Book Report: Love Warrior

In my last post, I wrote about some of the books in my backlog, one of them being Glennon Doyle Melton’s Love Warrior. I finished it a few weeks ago, and I just wanted to write a few thoughts about it, because I thoroughly enjoyed it.

In short, the book is about a woman dealing with and healing from learning her husband has been having affairs for nearly their entire marriage, but it really is about so much more than that. It’s about first becoming and then about unbecoming.

Glennon Doyle Melton's Love Warrior

What I mean by that is the becoming is the part of life that is all about following the rules of the world. As Glennon says for girls and women, the rules are often toxic and include rules such as stay small, stay quiet, and don’t ask questions. As a girl of ten years old, she began noticing that the world was an unsafe place and began feeling like she didn’t belong, like she wasn’t good enough and that there was something wrong with her. So she turned to her first addiction, bulimia. There she found a safe place away from the world that gave her some sense of control while remaining small. Later her addition turned into alcoholism. She had dropped out of life.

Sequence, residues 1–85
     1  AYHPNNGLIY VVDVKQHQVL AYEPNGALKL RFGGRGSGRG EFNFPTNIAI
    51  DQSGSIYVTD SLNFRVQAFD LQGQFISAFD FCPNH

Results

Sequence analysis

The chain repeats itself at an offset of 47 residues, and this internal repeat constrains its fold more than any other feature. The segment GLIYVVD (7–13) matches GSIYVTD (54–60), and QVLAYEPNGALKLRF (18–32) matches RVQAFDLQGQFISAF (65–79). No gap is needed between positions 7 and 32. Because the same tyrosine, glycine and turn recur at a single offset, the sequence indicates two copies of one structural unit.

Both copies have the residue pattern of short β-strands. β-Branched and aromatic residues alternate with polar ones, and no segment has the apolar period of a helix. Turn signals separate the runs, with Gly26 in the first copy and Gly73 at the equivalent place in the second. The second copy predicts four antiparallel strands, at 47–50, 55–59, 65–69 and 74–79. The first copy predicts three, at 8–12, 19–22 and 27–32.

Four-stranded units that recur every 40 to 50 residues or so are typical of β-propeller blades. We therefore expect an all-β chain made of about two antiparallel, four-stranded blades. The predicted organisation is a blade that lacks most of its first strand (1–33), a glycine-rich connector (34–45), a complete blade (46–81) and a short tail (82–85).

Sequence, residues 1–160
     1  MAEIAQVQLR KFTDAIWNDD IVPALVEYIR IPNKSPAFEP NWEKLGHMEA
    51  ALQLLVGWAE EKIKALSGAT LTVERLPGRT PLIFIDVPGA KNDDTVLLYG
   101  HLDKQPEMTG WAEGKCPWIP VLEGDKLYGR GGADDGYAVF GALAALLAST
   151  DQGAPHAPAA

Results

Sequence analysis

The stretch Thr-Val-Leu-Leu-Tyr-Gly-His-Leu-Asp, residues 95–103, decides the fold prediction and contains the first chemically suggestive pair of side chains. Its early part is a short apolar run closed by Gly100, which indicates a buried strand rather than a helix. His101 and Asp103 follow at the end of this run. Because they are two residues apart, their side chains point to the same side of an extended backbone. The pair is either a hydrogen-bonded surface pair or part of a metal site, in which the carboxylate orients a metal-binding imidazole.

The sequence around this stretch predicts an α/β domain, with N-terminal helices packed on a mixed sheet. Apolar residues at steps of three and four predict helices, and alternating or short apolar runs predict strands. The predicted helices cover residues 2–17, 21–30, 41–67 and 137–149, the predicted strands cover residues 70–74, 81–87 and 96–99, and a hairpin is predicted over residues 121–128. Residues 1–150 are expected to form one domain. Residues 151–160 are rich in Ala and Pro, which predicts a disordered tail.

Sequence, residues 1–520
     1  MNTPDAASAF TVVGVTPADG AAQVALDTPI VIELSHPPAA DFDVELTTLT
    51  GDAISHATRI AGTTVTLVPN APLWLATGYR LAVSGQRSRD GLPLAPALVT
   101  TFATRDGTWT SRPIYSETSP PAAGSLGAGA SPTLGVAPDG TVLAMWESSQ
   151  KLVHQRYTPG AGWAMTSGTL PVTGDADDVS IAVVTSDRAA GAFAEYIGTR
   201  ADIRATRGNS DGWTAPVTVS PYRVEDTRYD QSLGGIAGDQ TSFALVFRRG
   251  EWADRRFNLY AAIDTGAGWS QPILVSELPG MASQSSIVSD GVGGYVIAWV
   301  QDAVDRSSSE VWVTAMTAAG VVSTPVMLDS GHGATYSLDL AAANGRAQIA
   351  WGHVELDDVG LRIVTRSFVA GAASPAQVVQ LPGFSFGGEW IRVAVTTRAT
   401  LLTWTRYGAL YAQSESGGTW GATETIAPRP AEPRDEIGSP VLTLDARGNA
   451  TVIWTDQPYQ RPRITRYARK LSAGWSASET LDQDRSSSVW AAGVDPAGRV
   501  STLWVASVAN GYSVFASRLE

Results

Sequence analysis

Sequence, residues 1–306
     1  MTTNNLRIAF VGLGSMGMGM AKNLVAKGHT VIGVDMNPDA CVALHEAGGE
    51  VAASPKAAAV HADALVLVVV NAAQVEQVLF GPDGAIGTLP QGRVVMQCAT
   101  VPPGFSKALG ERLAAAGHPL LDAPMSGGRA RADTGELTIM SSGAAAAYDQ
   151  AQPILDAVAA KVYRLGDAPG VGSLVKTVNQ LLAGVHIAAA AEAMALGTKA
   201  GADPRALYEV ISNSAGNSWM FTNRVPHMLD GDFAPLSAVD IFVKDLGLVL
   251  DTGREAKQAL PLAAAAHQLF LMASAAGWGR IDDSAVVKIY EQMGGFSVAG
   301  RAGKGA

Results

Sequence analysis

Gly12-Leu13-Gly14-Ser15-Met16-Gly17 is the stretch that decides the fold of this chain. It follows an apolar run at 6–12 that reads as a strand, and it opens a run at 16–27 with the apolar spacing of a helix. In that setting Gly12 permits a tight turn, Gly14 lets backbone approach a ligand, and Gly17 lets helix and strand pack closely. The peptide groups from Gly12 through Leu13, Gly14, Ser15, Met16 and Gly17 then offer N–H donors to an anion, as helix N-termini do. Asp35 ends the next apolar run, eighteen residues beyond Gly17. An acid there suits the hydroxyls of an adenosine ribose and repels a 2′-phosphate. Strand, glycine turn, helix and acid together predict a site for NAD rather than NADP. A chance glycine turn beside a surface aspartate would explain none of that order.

One day, she found out that she’s unexpectedly pregnant, and although she had been an alcoholic for so long, she knew she had to become a mother and consequently become sober. She was invited back to life, back to living fully and back to the pain and the love that encompasses life.

She became a mother, a wife, followed all the rules and yet there was something inside of her that said something is wrong. She found herself disconnected, feeling utterly alone, living in a world in which the rules were: don’t make waves, stay small, just be happy with all that you have. You’re a mother, you’re a wife, how dare you want more? Later she learns her husband had been having affairs for most of their marriage.

The rest is about bringing awareness to the inner voice, learning to trust it and speak it and integrating the inner self with the outer self, the one who wears the mask. It’s about becoming aware of the rules by which you are living, and choosing to live by new and different ones.


Lately, I am all about soulful, real, and honest non-fiction, and this hit the mark for sure.


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